The reason you WON’T be getting a pay rise anytime soon – despite a record number of jobs being created in Australia as massive unemployment fall is unveiled
- Australia’s unemployment rate fell to 4.6 per cent in November post-lockdown
- In just month, 366,100 new jobs were created with more women getting work
- Treasurer Josh Frydenberg hailed this as ‘an incredible set of job numbers’
- Reserve Bank of of Australia Governor Philip Lowe said wage rises would be slow
Australia’s most powerful banker predicts wage rises will be delayed despite the unemployment rate plunging to just 4.6 per cent.
Treasurer Josh Frydenberg hailed the record 366,100 monthly surge in new jobs.
The jobless rate in November fell to 4.6 per cent, down sharply from October’s 5.2 per cent, following the end of lockdowns which saw women make up 60 per cent of the newly employed.
‘Today, Australia has seen an incredible set of job numbers far exceeding market expectations,’ Mr Frydenberg said.
‘Employment is now at a record high.’
Australia’s most powerful banker predicts wage rises will be delayed despite the unemployment rate plunging to just 4.6 per cent. Treasurer Josh Frydenberg hailed the record 366,100 monthly surge in new jobs (pictured is a waitress in Sydney)
Despite the labour market rebound, Reserve Bank of Australia Governor Philip Lowe predicted wages growth would remain weak because many workers only received pay rises during enterprise bargaining negotiations.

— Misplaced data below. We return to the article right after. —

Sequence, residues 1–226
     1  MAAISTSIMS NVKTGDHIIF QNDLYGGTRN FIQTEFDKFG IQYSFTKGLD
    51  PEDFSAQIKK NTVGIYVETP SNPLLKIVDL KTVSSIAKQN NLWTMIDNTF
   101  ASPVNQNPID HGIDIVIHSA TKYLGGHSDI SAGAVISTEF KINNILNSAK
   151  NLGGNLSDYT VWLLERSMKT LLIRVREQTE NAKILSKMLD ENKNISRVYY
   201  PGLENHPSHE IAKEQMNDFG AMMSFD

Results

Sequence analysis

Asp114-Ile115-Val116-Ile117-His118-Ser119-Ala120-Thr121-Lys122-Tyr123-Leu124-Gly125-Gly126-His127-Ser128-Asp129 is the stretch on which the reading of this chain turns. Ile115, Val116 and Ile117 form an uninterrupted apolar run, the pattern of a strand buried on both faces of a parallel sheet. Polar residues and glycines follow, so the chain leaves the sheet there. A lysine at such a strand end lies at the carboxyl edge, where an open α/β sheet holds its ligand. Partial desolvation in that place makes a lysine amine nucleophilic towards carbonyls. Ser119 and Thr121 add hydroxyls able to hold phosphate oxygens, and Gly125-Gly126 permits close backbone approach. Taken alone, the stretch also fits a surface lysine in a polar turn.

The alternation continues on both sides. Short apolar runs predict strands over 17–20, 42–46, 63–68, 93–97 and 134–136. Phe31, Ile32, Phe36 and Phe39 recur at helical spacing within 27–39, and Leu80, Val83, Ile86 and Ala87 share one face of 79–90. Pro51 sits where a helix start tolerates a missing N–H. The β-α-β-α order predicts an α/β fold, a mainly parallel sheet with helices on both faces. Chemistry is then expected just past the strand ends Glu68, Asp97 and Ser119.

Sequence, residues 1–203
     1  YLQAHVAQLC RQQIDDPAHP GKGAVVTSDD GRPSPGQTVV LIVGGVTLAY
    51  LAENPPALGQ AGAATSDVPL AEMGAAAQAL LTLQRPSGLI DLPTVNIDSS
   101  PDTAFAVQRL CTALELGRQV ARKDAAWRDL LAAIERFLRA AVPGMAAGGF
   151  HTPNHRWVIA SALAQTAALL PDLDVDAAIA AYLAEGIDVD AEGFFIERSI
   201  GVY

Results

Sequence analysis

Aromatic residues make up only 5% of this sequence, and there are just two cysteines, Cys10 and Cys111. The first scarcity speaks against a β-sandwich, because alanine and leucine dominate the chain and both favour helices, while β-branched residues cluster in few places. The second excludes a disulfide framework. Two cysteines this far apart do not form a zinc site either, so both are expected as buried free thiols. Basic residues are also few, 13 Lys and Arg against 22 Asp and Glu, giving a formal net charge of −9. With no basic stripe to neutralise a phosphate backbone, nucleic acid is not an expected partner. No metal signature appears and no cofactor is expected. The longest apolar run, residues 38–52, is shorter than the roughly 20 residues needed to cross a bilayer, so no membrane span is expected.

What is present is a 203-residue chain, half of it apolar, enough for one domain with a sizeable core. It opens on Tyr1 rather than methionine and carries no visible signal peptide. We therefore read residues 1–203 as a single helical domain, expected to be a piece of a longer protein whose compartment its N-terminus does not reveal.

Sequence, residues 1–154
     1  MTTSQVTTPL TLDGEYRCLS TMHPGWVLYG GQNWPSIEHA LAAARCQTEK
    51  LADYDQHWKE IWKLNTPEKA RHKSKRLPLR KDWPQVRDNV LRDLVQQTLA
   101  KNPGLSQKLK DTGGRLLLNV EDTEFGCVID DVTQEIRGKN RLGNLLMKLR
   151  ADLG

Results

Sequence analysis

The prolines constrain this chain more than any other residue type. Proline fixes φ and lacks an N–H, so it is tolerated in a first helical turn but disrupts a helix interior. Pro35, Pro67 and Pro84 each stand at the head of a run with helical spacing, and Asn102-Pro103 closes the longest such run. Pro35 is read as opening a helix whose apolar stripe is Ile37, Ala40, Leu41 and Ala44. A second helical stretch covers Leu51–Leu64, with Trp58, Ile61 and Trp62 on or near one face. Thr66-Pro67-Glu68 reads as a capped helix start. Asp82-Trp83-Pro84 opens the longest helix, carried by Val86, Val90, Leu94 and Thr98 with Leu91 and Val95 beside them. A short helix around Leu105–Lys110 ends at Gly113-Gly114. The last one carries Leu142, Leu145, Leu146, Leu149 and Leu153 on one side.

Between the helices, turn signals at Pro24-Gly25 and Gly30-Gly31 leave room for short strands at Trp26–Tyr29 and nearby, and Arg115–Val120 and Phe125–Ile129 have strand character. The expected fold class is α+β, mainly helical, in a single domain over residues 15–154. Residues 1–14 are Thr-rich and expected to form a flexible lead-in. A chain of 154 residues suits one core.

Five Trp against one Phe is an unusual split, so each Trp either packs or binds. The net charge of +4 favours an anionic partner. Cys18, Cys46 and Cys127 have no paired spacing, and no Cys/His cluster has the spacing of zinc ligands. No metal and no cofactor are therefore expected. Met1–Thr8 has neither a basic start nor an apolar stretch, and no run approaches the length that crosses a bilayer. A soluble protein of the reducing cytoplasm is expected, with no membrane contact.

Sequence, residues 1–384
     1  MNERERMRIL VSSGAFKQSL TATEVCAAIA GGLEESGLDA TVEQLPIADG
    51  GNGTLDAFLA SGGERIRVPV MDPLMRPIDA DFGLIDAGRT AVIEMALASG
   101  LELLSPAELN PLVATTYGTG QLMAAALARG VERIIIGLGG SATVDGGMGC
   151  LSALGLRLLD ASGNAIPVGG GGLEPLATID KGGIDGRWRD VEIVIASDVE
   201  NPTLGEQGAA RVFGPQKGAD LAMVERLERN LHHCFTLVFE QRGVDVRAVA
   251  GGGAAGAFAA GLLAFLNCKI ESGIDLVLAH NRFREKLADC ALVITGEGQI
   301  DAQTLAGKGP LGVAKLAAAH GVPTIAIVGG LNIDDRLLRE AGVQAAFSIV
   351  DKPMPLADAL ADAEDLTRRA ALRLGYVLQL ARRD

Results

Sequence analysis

‘The RBA is expecting wages growth to pick up further but, at the aggregate level, to so do only gradually,’ he said on Thursday.
‘This partly reflects elements of Australia’s wage-setting processes, which create inertia in aggregate wage outcomes.
‘These processes include enterprise agreements that tend to only get renegotiated once every two to three years, the annual review of award wages by the Fair Work Commission and public sector wages policies.’
Wages growth has been below three per cent since mid-2013 but Mr Frydenberg argued the return of skilled migrants in December, for the the first time since early 2020, would in fact boost real wages, adjusted for inflation.
‘I don’t see it as a binary choice between having a sensible, measured immigration program that is helping to bring in skilled workers, family reunion, humanitarian needs as well as getting a tighter labour market, putting in the policies in place that drive real wages up,’ Mr Frydenberg said.